Page last updated at 14:54 GMT, Tuesday, 27 October 2009

Delay in Czech EU treaty ruling

Lisbon Treaty opponent, Prague Castle
Opponents say the Lisbon Treaty infringes Czech sovereignty

The Czech Constitutional Court has adjourned until next week a hearing into what could be the last legal challenge to the EU's Lisbon Treaty.

It had been considering a case brought by 17 Eurosceptic senators who say the treaty would create a superstate, and as such infringes Czech sovereignty.

The treaty, which aims to streamline the way the EU is run, must be approved by all 27 member countries.

The Czech Republic is the only country which has yet to sign.

Court officials in Brno said the 15-member Czech Constitutional Court panel would reconvene on 3 November when a ruling was "very probable", the Reuters news agency reported.

Aimed at streamlining EU decision-making
Creates new posts of EU president and High Representative for Foreign Affairs
More decisions by majority vote, rather than unanimity
Ratified by all member states except the Czech Republic
Only Ireland held a referendum on it
Took a decade of negotiations
Was intended to take effect in January 2009

The BBC's Rob Cameron, in Brno, says that the court has received several additional petitions in the past few days, and some observers had believed that the judges may need more than one day to decide.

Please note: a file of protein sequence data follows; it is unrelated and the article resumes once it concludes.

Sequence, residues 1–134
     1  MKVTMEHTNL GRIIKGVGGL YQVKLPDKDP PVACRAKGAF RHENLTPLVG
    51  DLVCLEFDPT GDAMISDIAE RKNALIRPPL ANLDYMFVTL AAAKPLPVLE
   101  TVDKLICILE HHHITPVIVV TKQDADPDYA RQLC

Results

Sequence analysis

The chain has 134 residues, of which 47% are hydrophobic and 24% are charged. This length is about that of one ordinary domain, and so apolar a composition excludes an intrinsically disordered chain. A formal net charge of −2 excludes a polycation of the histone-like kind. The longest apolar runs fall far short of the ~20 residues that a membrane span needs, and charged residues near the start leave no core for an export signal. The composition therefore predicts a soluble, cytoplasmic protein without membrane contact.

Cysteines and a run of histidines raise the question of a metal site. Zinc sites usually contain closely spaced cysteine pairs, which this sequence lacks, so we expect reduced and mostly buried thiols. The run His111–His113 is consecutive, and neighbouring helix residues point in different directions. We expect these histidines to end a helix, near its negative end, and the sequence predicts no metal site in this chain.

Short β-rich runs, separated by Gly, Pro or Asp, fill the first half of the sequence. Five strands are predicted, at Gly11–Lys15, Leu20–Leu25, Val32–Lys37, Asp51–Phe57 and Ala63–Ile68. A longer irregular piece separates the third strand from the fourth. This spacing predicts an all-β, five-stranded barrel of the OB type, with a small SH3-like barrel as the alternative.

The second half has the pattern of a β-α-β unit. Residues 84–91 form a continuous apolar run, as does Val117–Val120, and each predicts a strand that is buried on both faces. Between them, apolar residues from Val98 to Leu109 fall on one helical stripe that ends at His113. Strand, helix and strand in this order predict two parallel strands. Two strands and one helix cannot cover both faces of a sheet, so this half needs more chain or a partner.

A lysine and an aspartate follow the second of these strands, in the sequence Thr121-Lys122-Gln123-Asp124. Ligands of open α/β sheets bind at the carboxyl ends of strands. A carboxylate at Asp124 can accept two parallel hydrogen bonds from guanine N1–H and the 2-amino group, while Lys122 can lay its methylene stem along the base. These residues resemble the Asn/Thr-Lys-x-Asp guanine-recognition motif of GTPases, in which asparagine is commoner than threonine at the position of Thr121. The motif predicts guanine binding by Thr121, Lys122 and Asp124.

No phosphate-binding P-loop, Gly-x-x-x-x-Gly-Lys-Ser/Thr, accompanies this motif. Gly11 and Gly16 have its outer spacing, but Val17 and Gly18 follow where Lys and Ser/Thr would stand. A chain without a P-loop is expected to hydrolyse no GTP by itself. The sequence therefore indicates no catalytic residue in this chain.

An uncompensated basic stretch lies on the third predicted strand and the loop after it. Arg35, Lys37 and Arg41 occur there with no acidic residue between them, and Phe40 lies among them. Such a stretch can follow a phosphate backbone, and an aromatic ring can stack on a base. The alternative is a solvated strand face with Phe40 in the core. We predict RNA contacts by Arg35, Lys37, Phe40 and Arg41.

The court challenge is one of two hurdles to be cleared before Czech President Vaclav Klaus will sign the Lisbon Treaty.

A similar case has already been dismissed, but the president - a Eurosceptic who strongly opposes the treaty - still has to sign it to complete ratification.

He has said he will not do that unless provided with solid guarantees about property rights in the Czech Republic, a subject which will be addressed by a summit later this week in Brussels.

Our correspondent says the EU is keen to get on with the task of implementing far-reaching reforms, including the appointment of a new permanent EU president, but is being frustrated by the lack of Czech ratification.

The Czech parliament has already approved the treaty.

The Lisbon Treaty is also under threat from the UK's Conservative Party.

They say they will hold a referendum on the treaty if they form a government next year, and if it is not signed into law by then.

Speculation is mounting about possible candidates for the two new powerful posts that Lisbon would create - the President of the European Council (EU president) and the High Representative for Foreign Affairs.

UK ministers say they would welcome former UK Prime Minister Tony Blair becoming EU president, though he remains tight-lipped about whether he will bid for it.

However, BBC Europe correspondent Dominic Hughes says Belgium, the Netherlands and Luxembourg are among smaller EU countries that believe the president should come from a country that uses the euro and is part of the border-free Schengen Agreement.

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